The Times Square area has some of the highest foot traffic out of anywhere in the United States to this day. In the early 1900s the first theater in Times Square was built. Not only did it help spread the word, but thousands passed the new theatre every day. With the 1890s setting record performances and attendance the early 1900s had a lot to live up to. The Theatrical Syndicate owned most major theaters in New York during this time. They worked to build the presence and set theatre to new heights. For the first twenty-five years of the new century, theaters were booming around the world with top notch performances. The show Lightnin’ would push theatrical performance into the new era and solidify its grasp on American entertainment industry. The performance held over 1,000 shows and was the longest theatrical performance on Broadway ever at the time. After the first World War much of the world entered a financial crisis known as the Great Depression. The entertainment industry took one of the largest hits that it has ever seen, with fewer and fewer people being able to afford the luxury of attending a live event. At the conclusion of the Second World War, Broadway entered into their Golden Age with the release of Oklahoma!. The blockbuster hit drove in thousands of people into theatres all over the country.

Historical District

As the latter half of the 1900s began to unravel, efforts were made by several organizations to save the theatre district from demolition. The “Save the Theatres” campaign was launched in 1982 under the initial pretense of making the theatre district a national historic site. Surprisingly the campaign saw a lot of backlash from the then Mayor of New York City, who ultimately denied the request. Eventually it was settled that the theatre district would be marked as a historical district, with each respective theatre getting its own landmark.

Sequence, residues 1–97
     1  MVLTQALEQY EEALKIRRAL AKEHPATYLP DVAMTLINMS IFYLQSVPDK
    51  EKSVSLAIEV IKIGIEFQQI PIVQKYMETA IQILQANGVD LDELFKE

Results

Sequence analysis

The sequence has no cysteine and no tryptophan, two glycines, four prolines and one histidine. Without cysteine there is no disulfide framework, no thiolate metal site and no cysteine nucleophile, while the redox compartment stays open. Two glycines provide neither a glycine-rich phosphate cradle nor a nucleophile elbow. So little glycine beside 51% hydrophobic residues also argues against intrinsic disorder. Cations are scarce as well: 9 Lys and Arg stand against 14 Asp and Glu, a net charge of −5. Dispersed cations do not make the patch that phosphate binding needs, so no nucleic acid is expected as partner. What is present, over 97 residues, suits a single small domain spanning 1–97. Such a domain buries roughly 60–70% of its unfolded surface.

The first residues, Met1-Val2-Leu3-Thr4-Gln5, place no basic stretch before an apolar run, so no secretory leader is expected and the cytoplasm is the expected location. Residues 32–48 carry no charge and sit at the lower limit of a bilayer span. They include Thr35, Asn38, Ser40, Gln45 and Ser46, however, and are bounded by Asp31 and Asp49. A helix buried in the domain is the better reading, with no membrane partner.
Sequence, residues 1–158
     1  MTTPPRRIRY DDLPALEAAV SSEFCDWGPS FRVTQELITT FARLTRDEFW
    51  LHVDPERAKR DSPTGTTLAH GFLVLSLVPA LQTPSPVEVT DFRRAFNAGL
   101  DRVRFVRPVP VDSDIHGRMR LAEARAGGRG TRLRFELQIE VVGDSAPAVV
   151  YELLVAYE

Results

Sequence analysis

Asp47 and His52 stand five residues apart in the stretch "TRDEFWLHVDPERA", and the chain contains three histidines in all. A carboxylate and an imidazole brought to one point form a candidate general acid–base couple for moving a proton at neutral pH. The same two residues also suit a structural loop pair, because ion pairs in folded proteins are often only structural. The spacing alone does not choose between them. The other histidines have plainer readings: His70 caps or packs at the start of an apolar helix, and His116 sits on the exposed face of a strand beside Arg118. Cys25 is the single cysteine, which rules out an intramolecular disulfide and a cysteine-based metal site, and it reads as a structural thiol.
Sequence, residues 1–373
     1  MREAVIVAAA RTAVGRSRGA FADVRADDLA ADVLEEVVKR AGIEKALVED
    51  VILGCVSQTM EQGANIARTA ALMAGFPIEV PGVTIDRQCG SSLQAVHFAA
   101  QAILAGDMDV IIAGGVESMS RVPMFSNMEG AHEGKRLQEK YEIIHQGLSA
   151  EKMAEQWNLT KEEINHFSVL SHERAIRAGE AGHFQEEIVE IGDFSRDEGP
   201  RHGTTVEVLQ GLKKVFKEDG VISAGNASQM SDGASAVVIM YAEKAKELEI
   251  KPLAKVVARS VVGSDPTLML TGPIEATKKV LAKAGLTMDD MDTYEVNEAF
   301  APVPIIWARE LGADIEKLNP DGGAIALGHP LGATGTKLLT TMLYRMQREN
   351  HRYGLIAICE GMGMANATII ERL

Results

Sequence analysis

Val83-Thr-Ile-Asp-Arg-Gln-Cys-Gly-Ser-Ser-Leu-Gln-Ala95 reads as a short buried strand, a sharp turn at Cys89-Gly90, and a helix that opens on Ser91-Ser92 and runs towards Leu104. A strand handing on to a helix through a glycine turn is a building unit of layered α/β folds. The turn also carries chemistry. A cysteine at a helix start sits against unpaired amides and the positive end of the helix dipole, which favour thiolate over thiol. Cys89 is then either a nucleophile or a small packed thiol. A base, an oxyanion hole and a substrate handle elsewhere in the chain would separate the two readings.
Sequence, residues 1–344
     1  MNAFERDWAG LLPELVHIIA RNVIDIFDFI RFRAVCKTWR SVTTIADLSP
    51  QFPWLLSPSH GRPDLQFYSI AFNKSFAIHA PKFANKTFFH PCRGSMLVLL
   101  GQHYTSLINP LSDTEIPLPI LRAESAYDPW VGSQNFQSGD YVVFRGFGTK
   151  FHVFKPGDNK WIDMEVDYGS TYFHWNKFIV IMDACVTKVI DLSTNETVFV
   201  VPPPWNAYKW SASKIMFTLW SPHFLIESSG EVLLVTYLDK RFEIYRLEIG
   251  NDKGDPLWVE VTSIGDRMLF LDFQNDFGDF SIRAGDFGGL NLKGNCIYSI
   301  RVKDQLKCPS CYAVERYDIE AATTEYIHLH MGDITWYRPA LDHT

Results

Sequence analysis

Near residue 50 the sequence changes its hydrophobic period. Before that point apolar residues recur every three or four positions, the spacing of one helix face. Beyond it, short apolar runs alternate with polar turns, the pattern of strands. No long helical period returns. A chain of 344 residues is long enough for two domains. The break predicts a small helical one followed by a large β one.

Competing with New Technology

What helped Broadway theatre early on was the fact that it had no competitors in the entertainment industry, as radio drew a different audience and actually helped advertise for theatre. It wasn’t until motion pictures came to existence that theatre had its first battle on the entertainment industry. Early on motion pictures lacked something that theatres were able to provide, sound. As the movie industry began to advance and include different elements into their films they began to compete more directly with local and large theatres. Over time production agencies began to make movies based off legendary musicals and plays, driving away the crowds that were once lining up outside of the theatre. Eventually composers began to take common themes seen in the movie industry and turn them into stage shows, effectively bringing back in the crowds that they were losing. While theatre certainly lost viewers since the installation of the motion picture, there have always been and always will be theatre-goers. As the art is something that you must be there and see with your own eyes. There is no replacement for it and there never will be.

Never worry about missing your favorite show again! CheapTickets has all the best last-minute Broadway tickets to all the shows, including Hamilton, Dear Evan Hansen, and Frozen- The Musical. Don’t miss your chance to see some of the best performers take the stage in a live show, get your cheap Broadway tickets today!